Mr Manimaran said: “I am Indian and I wrote the script. I did not find it racist.”
It should be clear by now: it was never meant as a training exercise for the police. As Khaw and his henchmen talked out of both sides of their mouths, they revealed the true intent of the ‘simulation’. It was meant to instruct workers to behave, akin to obedience school for dogs.
Dormitory Association of Singapore president Kelvin Teo said such role plays are done regularly in various dormitories. The actors are usually senior workers who help to spread the message about the consequences of rioting.
“We get workers to act because it is more realistic that way. They volunteer to help us too,” he said.
Ah yes, more of that “volunteer” word.
As for “realistic”, who is kidding who? In any case, Khaw himself had used phrases such as “spread preventive measures” and “education sessions”. So now we know: it was actually third-rate propaganda theatre aimed to intimidate the migrant worker population, though how that would “promote mutual understanding” and “meaningful collaboration” (Khaw’s words) was left unexplained.
Well, maybe the kind of understanding trained dogs acquire: Who is master and who is dog.
* * * * *
I don’t think the true intent of the exercise was immediately apparent during the controversy. As you can see from the above, it takes some reading between the lines to tease it out.
Instead, the tsunami of criticism that crashed onto Khaw came from something a lot more kneejerk. Significant numbers of Singaporeans just feel it to be wrong to single out any group by race or nationality in a way that casts aspersions on them. This is a morally illegitimate approach, they were saying. It indicates a much more acute sensitivity in the post-independence generation to using race and nationality categorisation thoughtlessly. It may also indicate a resistance to drawing a distinction between migrant workers and ourselves, such that targetting migrant workers in this way struck them as unacceptable.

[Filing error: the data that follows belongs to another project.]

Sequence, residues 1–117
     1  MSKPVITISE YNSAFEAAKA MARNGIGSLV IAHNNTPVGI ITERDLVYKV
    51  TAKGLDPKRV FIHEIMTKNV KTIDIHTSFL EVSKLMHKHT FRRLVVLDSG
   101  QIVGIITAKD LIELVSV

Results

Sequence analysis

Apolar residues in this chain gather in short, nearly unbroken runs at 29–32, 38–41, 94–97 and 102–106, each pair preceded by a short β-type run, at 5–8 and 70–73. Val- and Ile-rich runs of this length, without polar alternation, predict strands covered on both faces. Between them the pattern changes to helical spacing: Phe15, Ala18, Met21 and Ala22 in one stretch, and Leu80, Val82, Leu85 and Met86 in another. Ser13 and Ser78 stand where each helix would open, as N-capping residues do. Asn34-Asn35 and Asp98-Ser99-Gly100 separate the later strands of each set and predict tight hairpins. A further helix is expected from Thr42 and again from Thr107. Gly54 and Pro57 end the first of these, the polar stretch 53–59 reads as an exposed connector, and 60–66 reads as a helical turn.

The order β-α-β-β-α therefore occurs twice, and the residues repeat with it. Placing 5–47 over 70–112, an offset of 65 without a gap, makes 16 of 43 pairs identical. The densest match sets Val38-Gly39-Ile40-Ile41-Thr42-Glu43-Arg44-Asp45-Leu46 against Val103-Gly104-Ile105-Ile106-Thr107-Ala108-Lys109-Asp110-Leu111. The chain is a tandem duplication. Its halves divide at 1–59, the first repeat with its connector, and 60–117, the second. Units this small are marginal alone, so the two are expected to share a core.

Khaw, the organisers of the ‘exercise’, his ‘grassroots’ and other ‘stakeholders’ — in other words, the satellites that slavishly orbit PAP power centres — clearly had no clue that this is how many Singaporeans now think. They were surprised that empathy and solidarity can cross race and nationality boundaries. In that sense, they are still stuck in an age where Singapore is seen as an uneven collection of racial boxes.
They are also unable to spot (and avoid) situations when prejudicial associations are being made for a target group. In the old days, such associations would be the order of the day. Nobody would think twice. But the post-independence generation may be a lot more alert to it.
Khaw himself argued (in his second post) that having foreign workers involved in a simulation exercise is nothing new. “Past efforts cover areas such as first aid, dengue prevention and local culture,” he wrote. He sounded bewildered that people singled out this riot control exercise for criticism. Others, coming to his defence on Facebook, asked why anyone was upset about this incident when they would not be with, say, fire drill exercises held in schools involving schoolchildren as a selected group.
The difference is that such scenarios — accidents needing first aid, dengue prevention and fire safety — do not bring with them implications of wrong-doing or anti-social tendencies. Megaphoning a riot suppression message to a particular group does. It is worse when that group is defined along race or nationality lines.
Moreover, in publicising with evident pride this exercise, Khaw was probably assuming that people in general agreed with him that riot control amongst foreign workers was an important and necessary objective. It perhaps springs from the high priority that PAP minds place on internal security. One can discern another perception gap here. Singaporeans don’t see the (small) risk of riots in such an apocalyptic way. The don’t share the siege mentality that characterises PAP’s worldview. And especially as they don’t see any need for alarm, the singling out of foreign workers for this exercise appeared completely unwarranted.
This failing on the part of our ministers is part of a broader pattern. They are increasingly out of step with how more and more Singaporeans think and feel. The Singapore that they know and consider normative is different from the Singapore that a new generation aspires to, and yet they’re not even aware of the gap. This lack of an intuitive feel for a new Singapore is going to lead to more such public relations blunders.